Lipocalin-2 Promotes M1 Macrophages Polarization in a Mouse Cardiac Ischaemia–Reperfusion Injury Model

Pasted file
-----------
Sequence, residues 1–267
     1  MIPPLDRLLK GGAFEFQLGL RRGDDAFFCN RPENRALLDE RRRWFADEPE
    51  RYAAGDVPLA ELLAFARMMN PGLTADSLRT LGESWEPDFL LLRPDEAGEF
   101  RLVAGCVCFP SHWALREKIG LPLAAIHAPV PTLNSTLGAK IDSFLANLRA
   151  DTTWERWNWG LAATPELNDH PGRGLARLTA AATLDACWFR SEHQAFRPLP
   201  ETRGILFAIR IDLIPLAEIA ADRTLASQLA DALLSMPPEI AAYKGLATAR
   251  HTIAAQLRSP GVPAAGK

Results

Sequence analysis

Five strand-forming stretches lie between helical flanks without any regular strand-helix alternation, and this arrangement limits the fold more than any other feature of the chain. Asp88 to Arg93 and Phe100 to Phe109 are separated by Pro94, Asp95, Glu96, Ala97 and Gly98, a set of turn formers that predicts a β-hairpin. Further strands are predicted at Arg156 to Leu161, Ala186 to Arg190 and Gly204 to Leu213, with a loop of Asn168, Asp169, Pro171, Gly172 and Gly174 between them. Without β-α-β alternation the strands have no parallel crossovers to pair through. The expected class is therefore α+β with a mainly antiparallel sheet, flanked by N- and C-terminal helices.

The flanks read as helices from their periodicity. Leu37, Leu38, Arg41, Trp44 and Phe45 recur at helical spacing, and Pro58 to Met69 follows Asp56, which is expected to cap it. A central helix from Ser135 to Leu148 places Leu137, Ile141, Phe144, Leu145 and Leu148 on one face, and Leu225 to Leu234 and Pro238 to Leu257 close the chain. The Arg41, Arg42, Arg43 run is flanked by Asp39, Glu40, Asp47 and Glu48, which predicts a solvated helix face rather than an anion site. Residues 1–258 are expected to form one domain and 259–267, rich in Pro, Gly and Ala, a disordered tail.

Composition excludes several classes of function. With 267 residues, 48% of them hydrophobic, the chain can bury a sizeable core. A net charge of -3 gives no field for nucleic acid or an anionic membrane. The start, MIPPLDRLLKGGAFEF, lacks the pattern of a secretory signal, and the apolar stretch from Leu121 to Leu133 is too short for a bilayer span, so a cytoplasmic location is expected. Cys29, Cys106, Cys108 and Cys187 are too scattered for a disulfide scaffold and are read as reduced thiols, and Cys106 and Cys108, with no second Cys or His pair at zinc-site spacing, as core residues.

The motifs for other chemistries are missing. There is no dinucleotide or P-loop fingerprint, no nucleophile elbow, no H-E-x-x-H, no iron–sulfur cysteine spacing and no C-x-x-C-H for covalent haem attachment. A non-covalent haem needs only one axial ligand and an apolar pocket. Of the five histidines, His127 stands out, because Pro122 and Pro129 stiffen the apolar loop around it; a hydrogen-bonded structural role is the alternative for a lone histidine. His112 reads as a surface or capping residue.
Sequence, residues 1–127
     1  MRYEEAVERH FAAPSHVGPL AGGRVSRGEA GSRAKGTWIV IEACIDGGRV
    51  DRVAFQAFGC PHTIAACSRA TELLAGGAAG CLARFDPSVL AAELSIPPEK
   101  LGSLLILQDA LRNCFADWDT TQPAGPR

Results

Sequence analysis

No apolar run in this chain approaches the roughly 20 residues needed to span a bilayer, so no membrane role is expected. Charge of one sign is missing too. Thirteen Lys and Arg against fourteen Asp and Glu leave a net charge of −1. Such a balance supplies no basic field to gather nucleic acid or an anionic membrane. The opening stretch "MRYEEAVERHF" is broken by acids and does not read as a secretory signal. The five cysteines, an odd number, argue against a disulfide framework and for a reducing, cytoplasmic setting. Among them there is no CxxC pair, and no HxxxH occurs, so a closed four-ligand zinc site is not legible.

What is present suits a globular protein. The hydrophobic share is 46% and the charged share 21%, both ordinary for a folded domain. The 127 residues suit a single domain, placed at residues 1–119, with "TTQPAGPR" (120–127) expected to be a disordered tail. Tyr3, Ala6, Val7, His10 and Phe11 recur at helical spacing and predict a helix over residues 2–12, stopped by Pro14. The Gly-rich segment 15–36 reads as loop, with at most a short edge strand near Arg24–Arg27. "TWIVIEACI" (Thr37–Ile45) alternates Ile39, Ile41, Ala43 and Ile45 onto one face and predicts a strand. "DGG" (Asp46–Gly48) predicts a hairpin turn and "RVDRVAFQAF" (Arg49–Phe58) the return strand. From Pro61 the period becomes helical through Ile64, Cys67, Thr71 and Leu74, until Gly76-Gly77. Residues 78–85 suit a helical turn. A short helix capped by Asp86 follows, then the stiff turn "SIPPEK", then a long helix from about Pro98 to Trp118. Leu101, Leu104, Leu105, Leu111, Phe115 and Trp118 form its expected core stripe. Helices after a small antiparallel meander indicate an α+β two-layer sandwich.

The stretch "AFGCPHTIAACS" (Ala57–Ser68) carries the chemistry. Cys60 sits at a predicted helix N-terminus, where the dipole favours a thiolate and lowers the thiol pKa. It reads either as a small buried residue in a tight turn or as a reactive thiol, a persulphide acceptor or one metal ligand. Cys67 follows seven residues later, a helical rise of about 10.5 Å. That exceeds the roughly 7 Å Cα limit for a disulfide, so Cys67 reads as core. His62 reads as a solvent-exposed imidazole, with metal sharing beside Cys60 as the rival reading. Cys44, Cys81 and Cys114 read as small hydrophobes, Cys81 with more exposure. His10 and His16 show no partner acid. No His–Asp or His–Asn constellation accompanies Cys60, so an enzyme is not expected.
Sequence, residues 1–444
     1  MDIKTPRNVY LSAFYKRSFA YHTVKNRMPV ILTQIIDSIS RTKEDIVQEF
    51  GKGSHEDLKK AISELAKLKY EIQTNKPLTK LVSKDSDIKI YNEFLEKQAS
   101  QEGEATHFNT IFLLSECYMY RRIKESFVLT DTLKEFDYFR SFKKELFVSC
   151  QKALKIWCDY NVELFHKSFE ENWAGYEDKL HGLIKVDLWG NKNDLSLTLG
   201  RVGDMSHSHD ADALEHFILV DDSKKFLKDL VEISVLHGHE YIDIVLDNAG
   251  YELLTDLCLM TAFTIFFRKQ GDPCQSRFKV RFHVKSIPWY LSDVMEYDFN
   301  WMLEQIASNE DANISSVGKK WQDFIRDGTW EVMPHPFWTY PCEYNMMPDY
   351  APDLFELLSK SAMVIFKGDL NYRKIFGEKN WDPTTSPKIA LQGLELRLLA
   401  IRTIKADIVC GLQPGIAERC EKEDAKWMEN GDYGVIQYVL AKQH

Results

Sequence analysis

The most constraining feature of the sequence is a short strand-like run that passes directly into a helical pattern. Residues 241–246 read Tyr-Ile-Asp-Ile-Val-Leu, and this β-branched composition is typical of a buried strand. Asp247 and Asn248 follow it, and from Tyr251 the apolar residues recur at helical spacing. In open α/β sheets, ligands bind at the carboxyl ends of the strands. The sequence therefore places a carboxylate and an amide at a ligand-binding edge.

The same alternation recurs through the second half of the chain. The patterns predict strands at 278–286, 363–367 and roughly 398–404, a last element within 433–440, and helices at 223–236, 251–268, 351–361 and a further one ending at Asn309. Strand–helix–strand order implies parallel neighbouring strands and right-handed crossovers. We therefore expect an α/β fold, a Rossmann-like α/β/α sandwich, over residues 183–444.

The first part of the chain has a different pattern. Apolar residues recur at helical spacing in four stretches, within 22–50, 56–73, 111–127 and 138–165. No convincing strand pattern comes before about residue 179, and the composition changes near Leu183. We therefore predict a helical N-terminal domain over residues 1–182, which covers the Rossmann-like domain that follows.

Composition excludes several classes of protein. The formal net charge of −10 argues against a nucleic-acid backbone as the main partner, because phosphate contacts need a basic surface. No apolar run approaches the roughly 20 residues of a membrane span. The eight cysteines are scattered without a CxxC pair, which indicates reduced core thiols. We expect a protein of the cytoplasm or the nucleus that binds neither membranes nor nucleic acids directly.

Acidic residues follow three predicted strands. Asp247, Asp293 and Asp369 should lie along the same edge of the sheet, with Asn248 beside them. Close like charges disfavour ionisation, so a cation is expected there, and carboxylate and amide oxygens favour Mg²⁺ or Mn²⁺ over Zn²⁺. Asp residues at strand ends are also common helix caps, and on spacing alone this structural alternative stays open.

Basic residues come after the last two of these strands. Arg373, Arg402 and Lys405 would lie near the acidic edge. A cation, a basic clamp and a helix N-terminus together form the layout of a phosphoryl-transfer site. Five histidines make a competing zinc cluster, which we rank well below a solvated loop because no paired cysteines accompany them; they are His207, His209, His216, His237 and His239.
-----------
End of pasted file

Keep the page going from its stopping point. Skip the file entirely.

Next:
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Ischaemia–reperfusion (IR) injury is a major issue in cardiac transplantation. Inflammatory processes play a major role in myocardial IR injury. Lipocalin-2 (Lcn2), which is also known as neutrophil gelatinase-associated lipocalin, has multiple functions that include the regulation of cell death/survival, cell migration/invasion, cell differentiation and iron delivery. In our study, the hearts of C57BL/6 mice were flushed with and stored in cold Bretschneider solution for 8 h and then transplanted into a syngeneic recipient. We found that Lcn2 neutralization decreased the recruitment of neutrophils and macrophages. Troponin T (TnT) production, 24 h after myocardial IR injury, was reduced through anti-Lcn2 antibody administration. The cardiac output at 60 mmHg of afterload pressure was significantly increased in hearts administrated with anti-Lcn2 antibody administration (anti-Lcn-2: 58.9 ± 5.62 ml/min; control: 25.8 ± 4.1 ml/min; P < 0.05). Anti-Lcn2 antibody treatment suppressed M1 marker (IL-12, IL-23 and iNOS) expression but increased M2 marker (IL-10, Arg1 and Mrc1) expression. Furthermore, in our vitro and vivo experiments, we found that anti-Lcn2 antibody treatment failed to induce M1-related gene expression in response to LPS and that Lcn2 neutralization enhanced the expression of M2-related genes following IL-4 treatment. In conclusion, Lcn2 promotes M1 polarization, and Lcn2 neutralization attenuates cardiac IR injury.

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